Years ago my friend Michael brought a baby skunk into his home after the skunk's Mom was killed and the little baby skunk was left sitting by the side of the road.
He bottle fed Peppe (yes, he named him Peppe) it until he was old enough for release into his yard. I remember asking him, "Aren't you worried Peppe will spray you or your cats?"
His answer" "Skunks only spray when they feel threatened. We're feeding him and playing with him."
True enough. Michael and Peppe were friends for years. Peppe would come on to his porch to get snacks and eat out of his hand and play with his cats like they were all old pals. Peppe also provided year round gardening services for Michael - eating insects and grubs and rodents.
That is not the typical skunk encounter.
Skunks rarely travel more than 2 miles from their dens so if your dog has been skunked there is a good chance it may happen again unless your dog has learned his lesson.
We have one customer whose dog gets skunked a few times a year. She said she was SO happy when she found 4-Legger because it naturally deodorized her dog. Tomato juice will diminish the skunk smell but not get rid of it.
A good skunk den is within 2 miles of a water source in a hollow tree, hollowed out log, brush pile, abandoned animal burrow, or under a porch or shed. They are very adaptable with a great sense of smell but terrible eyesight.
Most predators do not attack skunks. They have learned over the years being "skunked" is ... well horrible! The most common skunk predators are dogs and the great horned owl.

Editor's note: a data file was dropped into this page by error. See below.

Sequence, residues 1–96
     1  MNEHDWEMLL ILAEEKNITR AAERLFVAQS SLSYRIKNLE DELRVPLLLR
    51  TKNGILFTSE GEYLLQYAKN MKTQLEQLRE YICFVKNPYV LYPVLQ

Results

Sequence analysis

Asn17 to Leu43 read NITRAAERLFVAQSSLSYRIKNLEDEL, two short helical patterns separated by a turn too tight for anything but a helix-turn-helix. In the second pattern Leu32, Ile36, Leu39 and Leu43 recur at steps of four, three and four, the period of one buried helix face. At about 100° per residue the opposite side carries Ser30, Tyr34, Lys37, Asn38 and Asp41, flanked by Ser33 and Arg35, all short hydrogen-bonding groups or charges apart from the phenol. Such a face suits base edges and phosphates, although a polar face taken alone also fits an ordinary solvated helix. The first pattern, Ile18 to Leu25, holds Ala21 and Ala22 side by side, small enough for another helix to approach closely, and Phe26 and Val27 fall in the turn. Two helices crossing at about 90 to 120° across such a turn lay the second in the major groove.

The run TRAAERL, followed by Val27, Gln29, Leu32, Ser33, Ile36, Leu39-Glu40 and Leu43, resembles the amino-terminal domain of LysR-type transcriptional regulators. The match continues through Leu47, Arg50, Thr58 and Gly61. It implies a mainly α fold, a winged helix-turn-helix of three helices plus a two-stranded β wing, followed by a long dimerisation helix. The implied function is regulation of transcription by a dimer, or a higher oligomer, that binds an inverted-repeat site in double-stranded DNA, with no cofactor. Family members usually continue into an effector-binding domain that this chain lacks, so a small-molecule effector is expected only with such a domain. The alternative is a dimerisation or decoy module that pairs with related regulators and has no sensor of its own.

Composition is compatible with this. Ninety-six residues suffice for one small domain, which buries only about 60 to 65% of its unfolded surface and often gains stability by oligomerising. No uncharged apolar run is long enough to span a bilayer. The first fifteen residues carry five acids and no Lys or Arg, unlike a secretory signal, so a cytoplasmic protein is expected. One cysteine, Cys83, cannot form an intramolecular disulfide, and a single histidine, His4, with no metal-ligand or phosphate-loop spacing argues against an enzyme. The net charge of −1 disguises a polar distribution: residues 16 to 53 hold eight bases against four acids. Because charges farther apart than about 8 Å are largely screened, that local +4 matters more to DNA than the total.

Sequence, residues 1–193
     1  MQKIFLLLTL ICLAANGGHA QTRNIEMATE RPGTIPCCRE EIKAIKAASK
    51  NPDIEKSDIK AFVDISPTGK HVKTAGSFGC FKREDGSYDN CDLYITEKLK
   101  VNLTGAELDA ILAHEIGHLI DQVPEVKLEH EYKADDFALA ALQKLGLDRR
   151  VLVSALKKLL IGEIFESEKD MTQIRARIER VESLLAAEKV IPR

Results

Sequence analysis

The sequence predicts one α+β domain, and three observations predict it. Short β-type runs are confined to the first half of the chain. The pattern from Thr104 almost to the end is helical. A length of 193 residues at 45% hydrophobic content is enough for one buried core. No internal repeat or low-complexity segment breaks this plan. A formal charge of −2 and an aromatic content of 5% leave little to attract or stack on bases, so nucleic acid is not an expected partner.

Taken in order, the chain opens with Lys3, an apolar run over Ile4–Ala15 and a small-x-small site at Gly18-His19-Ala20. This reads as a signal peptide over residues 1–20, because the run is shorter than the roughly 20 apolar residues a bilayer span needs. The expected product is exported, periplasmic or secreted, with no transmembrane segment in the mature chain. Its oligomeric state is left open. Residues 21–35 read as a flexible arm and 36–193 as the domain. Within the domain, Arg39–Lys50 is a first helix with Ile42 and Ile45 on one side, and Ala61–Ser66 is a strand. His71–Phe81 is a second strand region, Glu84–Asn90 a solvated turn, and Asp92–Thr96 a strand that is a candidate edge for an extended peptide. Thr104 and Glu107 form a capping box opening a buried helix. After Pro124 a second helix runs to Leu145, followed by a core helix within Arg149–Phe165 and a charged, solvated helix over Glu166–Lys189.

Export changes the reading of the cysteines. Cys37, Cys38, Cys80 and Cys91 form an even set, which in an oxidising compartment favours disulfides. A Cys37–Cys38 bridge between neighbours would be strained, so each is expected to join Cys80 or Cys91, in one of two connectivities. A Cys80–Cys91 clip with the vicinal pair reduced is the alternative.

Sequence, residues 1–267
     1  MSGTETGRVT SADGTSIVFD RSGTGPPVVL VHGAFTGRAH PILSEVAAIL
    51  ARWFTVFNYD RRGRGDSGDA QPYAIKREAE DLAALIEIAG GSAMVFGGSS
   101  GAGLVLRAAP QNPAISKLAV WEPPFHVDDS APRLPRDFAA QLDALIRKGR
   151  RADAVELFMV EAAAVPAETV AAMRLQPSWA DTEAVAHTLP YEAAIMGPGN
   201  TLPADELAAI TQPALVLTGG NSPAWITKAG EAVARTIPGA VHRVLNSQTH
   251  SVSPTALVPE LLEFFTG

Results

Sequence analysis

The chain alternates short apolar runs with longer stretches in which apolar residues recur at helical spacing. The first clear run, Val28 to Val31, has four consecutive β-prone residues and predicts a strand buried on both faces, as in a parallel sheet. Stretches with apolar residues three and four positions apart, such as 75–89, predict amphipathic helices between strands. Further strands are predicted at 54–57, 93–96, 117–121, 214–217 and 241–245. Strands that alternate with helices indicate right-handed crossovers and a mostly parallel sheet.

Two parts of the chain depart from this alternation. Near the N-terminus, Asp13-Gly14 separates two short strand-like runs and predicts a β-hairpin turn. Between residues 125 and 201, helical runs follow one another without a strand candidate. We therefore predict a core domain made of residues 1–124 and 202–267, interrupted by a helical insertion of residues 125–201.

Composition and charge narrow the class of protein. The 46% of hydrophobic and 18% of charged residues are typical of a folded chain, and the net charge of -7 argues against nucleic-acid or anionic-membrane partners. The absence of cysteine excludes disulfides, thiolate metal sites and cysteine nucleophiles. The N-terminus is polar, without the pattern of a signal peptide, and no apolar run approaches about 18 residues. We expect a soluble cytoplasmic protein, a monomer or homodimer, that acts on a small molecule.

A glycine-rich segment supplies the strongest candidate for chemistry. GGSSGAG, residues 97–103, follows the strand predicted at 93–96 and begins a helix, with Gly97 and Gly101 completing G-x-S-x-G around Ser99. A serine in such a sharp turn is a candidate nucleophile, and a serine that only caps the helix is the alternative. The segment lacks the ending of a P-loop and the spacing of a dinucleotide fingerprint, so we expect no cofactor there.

When threatened skunks will typically growl, spit, fluff itself up, shake their tails and stamp the ground. If that fails to scare away the predator they will release a powerful spray from their anal glands that can with accuracy go as far as 10 feet!
[Aren't you thankful a dog's anal glands can't do that?}
The skunk's spray is primarily composed of three low molecular weight thiol compounds: (E)-2-butene-1-thiol, 3-methyl-1-butanethiol, and 2-quinolinemethanethiol, as well as acetate thioesters of these. The sulfur in these compounds is what gives potency to the spray.
There are a lot of suggestions for how to get rid of the smell - everything from tomato juice to a mixture of hydrogen peroxide with dish washing detergent. We've been very outspoken about why you shouldn't use dish detergent on your dog - it is full of skin irritants, artificial fragrances, artificial colors and other ingredients that are not safe for your dog's skin. Learn more about why you shouldn't use dish detergent on your dog.
It is also important to quickly rinse your dog's eyes with spring water and to keep products out of your dog's eyes.
We have had a LOT of customers report to us they have successfully gotten rid of the skunk smell with our completely safe and non-toxic organic dog shampoo.
When we were asked this past week for our recommendations on how to get rid of skunk spray from a dog, we were ready for it.
Here is our list of our UDSA certified organic dog shampoos that effectively get rid of the skunk smell:
We're sorry your dog got skunked but we know you can effectively remove that odor with our safe and non-toxic organic dog shampoos. Get yours today and be ready for that skunk encounter!
Looking for a safe and non-toxic dog shampoo that really kills fleas?
We have 5 fantastic options you can choose from for natural flea dog shampoo: Organic cedar dog shampoo with peppermint, organic tea tree dog shampoo, organic neem dog shampoo with sweet orange, organic hemp dog shampoo with lemongrass, organic lemongrass dog shampoo, and our organic apple cider vinegar rinse.
We recently had someone comment on a blog post we wrote last year saying our concerns about toxic chemicals in lawn care was based on emotion, not science.
So, here is some science for you to consider when you are thinking about lawn care, you and your dog!